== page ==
To read more about this, visit Martin LaMonica's article on CNET, "Google crashes the smart-grid party."

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Tuesday, February 10, 2009

CSR Bought SiRF in an All-Stock Deal

In a logic move, UK-based Bluetooth technology provider CSR locked in a merger agreement with battered GPS receiver chip maker SiRF. SiRF counts many portable navigation device makers—GARMIN, TomTom, Mio—as customers. But as these customers increasingly looked for additional suppliers with integrated solutions, SiRF’s order volume dropped, along with its stock price. In late 2007, SiRF tried to enter the mobile GPS chipset market with the acquisition of Centrality, but the plan seemed backfired and the company was unable to recover since then. During the same period of time, many larger silicon vendors began to catch up on the GPS front, including Broadcom, ST Micro, TI, Atheros, and CSR. At this year’s CES, I met CSR’s executives and was quite impressed with its Bluetooth technology. Of course, all the GPS demos were simulated as we were all in a hotel room. But CSR’s strategy to integrate multiple radio technologies onto the same circuit board is clearly hitting the sweet spot of the market. The SiRF acquisition is one additional step in that direction. Whether the deal can be considered a success or not will be first reflected in the combined entity’s ability to stop customer exodus, particularly on the mobile side.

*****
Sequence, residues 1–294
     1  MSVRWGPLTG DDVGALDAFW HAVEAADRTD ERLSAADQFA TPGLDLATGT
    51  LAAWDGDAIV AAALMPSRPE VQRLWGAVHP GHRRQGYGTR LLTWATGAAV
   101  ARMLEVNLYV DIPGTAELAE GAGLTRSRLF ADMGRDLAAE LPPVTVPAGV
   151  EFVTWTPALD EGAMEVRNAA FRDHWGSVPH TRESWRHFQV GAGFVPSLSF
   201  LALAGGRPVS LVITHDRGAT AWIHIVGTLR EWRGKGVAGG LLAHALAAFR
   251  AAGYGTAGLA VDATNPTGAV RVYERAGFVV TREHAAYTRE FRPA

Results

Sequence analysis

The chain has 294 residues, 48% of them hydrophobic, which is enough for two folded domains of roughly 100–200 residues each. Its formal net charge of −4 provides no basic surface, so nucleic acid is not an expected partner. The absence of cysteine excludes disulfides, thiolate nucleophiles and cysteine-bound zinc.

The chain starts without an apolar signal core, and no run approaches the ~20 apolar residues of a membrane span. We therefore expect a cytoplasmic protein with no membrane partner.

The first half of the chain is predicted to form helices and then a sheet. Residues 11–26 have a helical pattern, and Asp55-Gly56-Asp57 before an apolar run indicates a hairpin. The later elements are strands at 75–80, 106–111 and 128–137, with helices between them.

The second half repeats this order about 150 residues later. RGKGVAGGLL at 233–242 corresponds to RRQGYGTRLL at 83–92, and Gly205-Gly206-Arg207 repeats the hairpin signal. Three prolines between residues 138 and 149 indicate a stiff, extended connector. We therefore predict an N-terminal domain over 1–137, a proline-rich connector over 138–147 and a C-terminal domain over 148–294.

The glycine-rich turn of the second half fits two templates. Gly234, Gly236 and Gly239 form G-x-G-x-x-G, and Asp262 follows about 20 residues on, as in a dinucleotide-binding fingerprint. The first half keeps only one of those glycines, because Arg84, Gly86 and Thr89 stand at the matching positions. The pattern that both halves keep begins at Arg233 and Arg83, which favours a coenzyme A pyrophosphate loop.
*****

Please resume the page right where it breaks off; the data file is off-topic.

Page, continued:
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DTV Switch to happen sooner than expected.